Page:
Monday, July 10, 2017

PC Haring Introduces Character Nira Fen Amado

Greetings!   I’m P.C. Haring, the author of Slipspace: Harbinger and I’d like to thank you for taking the time to read this and check out my new book.     

Today I’d like to introduce you to the character of Nira Fen Amado.  As the civilian head of medical services on board a military battleship, she finds herself in an uncomfortable position, given that her husband serves aboard as well.  With that in mind, I present an excerpt from an interview she would have given to embedded press reporters during the ship’s shakedown.  

So, let’s get right down to it, Dr. Amado, and address the elephant in the room.  Your husband commands this ship.  The phrase ‘conflict of interest’ seems appropriate in this circumstance, wouldn’t you say?

I can certainly see that point; however, it assumes that our interests are mutually exclusive.   Captain Amado and I both share the same interest in ensuring the wellbeing of this crew for the duration of its tour of duty.   Yes, we have different functions, but our overall goal remains the same, even if we approach a problem from different angles.  

But, at the same time, your relationship with your husband might give the impression that one of you might cave when it came to a legitimate conflict of interest and make a decision that would not be in the best interest of the ship or its crew.  

Actually, I think my relationship with him as my husband is an advantage, unlike your implication.   Because we know each other as well as we do, we know how to approach the other and present our points of view to each other in meaningful and constructive ways.   If anything, it should help us resolve any professional differences more quickly and productively as a result.   

You can’t be that naïve to think it’s always going to be smooth sailing on a professional level, Doctor.

I’m not.  At some point, there’s going to be a patient in my ward who has information the captain needs and we’re going to butt heads over ships security vs the patient’s well-being.  I don’t envy that argument.

Who wins that argument?

That’s something I’d prefer not to think about.   No matter which one of us ‘wins’, we both lose.  

So why put yourself in that position?  Why take this posting at all, knowing the inevitable tension it would put on your marriage?

You just answered your own question.   He’s my husband. 

Yes.  But you had a successful career back on Lumo.  You could have easily stayed there.

True.  But that wouldn’t have done anyone any good.  Our goals as a married couple are incompatible with one of us being left behind.  I go where he goes, and vice versa.   Therefore, the only options would have been for one of us to give up our career for the other. Again, no matter who ‘won’ that argument we both would lose.   But we were able to avoid that problem when the Captain offered me the job here.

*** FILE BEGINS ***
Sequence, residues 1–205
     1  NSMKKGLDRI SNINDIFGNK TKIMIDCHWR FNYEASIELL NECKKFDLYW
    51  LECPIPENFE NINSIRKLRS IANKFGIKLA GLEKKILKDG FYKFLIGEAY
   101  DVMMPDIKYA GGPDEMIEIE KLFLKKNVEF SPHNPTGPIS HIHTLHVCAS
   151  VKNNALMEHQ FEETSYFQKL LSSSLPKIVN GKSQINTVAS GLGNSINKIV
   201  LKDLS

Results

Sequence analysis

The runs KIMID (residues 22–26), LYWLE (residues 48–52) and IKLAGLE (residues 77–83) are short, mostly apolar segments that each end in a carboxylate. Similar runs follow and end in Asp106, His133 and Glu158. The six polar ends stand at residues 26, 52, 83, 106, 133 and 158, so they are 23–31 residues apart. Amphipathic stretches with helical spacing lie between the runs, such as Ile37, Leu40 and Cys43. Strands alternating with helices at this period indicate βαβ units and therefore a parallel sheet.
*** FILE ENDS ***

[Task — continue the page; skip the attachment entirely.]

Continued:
Sounds convenient.  

I resent that implication.   The Alliance puts all of their civilian contractors through a rigorous vetting process and retains final approval for all civilian assignments.   If I were unqualified or inappropriate for the role, I would not be here.   For you to imply that I am either unqualified or jumped ahead in some non-existent line because someone called in a favor is insulting at best.  

I see.  Well, I suppose time will tell us how that bears out.   

Yes.  Yes, it will.  

And there you have it.  Thank you again for reading and letting me come in and share some insight into one of my favorite characters in this book.   I hope you enjoyed it.  If you did, and you enjoyed the excerpt, I hope you’ll consider stepping aboard for the maiden flight of the Mjöllnir and her crew.   

Slipspace: Harbinger
Book 1
P.C. Haring

Genre:  Sci-Fi/Space Opera

Date of Publication: 5/1/17

ISBN: 978-1545253663

Number of pages: 336
Word Count: 110,600

Cover Artist: Starla Hutchton

Tagline:  The War went cold a decade ago…

Book Description:

A fringe colony world has gone dark, and Captain Cody Amado and the crew of the ISPA’s newest battle cruiser, Mjöllnir, must respond and investigate. No one is prepared for the destruction that awaits them.

Agendas collide as the bonds of duty, loyalty, and family are tested, and the major governments position themselves to prepare for what is to come next. With interstellar tensions rising, the crew of the Mjöllnir race to discover the connection between the colony’s destruction, an alien society so reclusive it has only been rumored about, and an enemy that disappeared a decade prior.

Is this merely an isolated incident, or is this a harbinger of much darker things still to come?


October 13, 2832
Mjöllnir - Captains Quarters

Morning came too soon for the Amados, much to Nira’s chagrin.  Together, she and Cody made their way through the endless corridors.  With the Mjöllnir just a few minutes out from Artez, the decks were buzzing with activity as the crew prepared for as many contingencies as could be planned. 
They exchanged a brief kiss before going their separate ways- Nira towards the Med-deck and Cody  to OpCom as Cassie’s voice echoed through the ship’s public address system announcing their pending arrival and setting the ship at condition two.  He stepped through the hatch and found the ship’s command center no exception to the activity about the rest of the ship.  The traffic on deck paused to give the Captain room to move to his station and log in.